I got the sled (or platform) built that will move the drill up and down (Z axis) in my CNC machine. I spent over a week trying to figure out how to make thrust (axial load) bearings for the lead screw, so that all of the motor’s rotary motion is translated into vertical movement of the drill, not vertical movement of the screw itself. I’m still not completely sure that my plan for that will work, but at least I have something to try in the next stage I’m going to build.
I need to find and learn to use an open-source 3D CAD program; but meanwhile, I laid this out in OpenOffice Draw. I had started by tracing the different pieces onto graph paper by hand; but the design didn’t really pick up steam until I got them into the computer, where I could drag and resize components easily. Several times when I thought I was done, I saw the opportunity to shrink things a little closer together — which ultimately translates into the capacity to work a larger piece, as less of the length of the guide rods is consumed by the width of the sled.
Here’s my final design — final for the prototype machine, anyway. And here’s what it looks like in the physical world — a pretty close match.
The drill is held by two square blocks with round holes drilled out in their centers. I goofed and cut the blocks to 2 1/4″ instead of 2 1/8″, so the whole platform now fits together a little tightly, and the alignment of the guide rod on the left is a little off; I’ll have to compensate for that later on. And the drill fits a little loosely in the holes because they’re a bit too large, but I’ll add some thin weatherstripping to grip the drill tightly.
The white blocks on the right are built up from two layers of polypropylene kitchen cutting board, superglued together, with a hole tapped through lengthwise for the threaded rod (1/4″ all-thread). When the rod turns, it will push the drill down or pull it back up.
On the left are a bearing glide and stainless steel rod salvaged from a workhorse IBM dot-matrix printer. A computer surplus store in Wichita had a closing sale a few years back, and when no one bought the printers, the owner suggested that I haul them off. I dutifully removed all the electronics, boxed up the mechanical components, and deposited the plastic for recycling. At last the mechanics are finding a new use.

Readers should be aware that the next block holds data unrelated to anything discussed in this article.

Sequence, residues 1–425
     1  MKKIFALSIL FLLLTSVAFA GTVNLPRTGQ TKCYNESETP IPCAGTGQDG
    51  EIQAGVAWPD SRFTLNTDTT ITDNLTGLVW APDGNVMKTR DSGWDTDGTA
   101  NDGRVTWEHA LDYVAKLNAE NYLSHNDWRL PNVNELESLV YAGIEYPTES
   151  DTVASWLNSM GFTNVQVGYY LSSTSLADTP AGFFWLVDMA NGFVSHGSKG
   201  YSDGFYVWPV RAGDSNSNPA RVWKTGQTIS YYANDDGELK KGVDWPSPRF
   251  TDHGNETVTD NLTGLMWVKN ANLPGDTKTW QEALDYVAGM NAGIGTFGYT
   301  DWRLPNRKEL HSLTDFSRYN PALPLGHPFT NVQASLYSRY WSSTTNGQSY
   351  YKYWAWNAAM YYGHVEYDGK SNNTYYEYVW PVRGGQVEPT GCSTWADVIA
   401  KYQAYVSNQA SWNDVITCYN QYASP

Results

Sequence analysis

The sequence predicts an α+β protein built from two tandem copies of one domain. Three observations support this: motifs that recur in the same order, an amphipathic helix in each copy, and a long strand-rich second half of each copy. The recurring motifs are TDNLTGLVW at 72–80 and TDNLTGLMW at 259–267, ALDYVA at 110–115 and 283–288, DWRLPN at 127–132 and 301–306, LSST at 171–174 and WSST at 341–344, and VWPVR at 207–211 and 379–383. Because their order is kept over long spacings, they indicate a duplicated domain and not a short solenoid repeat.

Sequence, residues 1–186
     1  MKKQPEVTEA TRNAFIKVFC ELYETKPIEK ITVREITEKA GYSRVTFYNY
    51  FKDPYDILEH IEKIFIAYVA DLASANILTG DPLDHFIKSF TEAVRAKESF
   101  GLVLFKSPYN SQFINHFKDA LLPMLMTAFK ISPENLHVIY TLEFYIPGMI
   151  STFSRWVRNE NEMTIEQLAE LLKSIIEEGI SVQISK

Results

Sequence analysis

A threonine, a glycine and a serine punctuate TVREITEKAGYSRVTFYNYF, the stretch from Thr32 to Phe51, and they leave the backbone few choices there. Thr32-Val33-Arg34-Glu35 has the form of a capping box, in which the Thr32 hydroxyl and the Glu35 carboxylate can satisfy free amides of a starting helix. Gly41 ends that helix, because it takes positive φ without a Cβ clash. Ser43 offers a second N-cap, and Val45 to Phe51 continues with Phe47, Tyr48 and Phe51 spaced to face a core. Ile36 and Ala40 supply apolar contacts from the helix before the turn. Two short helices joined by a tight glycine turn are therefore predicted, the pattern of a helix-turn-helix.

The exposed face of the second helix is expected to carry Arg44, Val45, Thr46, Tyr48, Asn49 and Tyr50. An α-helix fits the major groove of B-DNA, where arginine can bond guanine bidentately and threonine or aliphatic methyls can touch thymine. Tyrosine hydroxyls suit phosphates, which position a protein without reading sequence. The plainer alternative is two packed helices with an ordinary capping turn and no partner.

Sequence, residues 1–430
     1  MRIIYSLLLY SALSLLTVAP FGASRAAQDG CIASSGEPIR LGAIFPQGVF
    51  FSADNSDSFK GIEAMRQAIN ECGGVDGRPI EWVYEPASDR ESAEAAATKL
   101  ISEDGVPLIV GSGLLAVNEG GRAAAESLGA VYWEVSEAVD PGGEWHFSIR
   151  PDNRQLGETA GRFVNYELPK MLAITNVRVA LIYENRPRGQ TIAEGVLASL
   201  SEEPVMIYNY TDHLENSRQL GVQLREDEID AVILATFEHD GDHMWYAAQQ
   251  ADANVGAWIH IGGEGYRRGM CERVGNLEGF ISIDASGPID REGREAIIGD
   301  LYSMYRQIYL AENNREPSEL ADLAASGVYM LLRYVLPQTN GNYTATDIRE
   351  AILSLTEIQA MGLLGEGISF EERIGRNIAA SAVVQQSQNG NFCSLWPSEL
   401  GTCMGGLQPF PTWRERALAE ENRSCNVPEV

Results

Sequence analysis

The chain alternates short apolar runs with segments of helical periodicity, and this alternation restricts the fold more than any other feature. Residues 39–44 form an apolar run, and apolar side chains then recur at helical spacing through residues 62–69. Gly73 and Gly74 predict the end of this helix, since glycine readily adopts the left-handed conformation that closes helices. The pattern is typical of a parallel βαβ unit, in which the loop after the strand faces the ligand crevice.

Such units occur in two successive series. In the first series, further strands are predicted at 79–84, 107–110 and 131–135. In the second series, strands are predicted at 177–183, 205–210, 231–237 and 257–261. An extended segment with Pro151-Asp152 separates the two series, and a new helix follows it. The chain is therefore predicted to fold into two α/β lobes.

This assembly will be oriented with the drill pointing down, and a frame will surround it in the Y-Z (vertical) plane. The frame is shown in the drawing but not in the photograph; it’s the next piece to be constructed. The frame will anchor both ends of the guide rod and the lead screw, provide a mount for the motor, and mount two glide assemblies to move the entire frame sideways in the Y (short horizontal) axis.
The motor isn’t mounted to the screw right now, since it mounts from the outside of the (yet-to-be-constructed) frame. But I’ve been looking for a good coupler to join the motor shaft to the threaded rod. The ideal coupler would help compensate for slight misalignment between the axes of the motor and the rod, but really good couplers seem to cost $60-$80.
I’ve found one at Jameco that’s much more affordable (just under $5) and looks like it’ll do the job nicely. It has a rubber “spider” enclosed between two pronged pieces. The spider has a little bit of “give” to it, to correct for misalignment. It should also help damp transmission of noise and vibration between the motor and the screw.
Meanwhile, I’ve built a cheapo prototype coupler myself. I got a $1.49 threaded coupler from Ace Hardware, drilled out half of it to 1/4″, and drilled and tapped holes for set screws. I pressed the drilled end onto the motor’s shaft, filed a flat into the threaded rod and turned it in to the threaded end, and tightened the two set screws. I need to file off some of the set screws’ length, but it’s working okay for a proof of concept.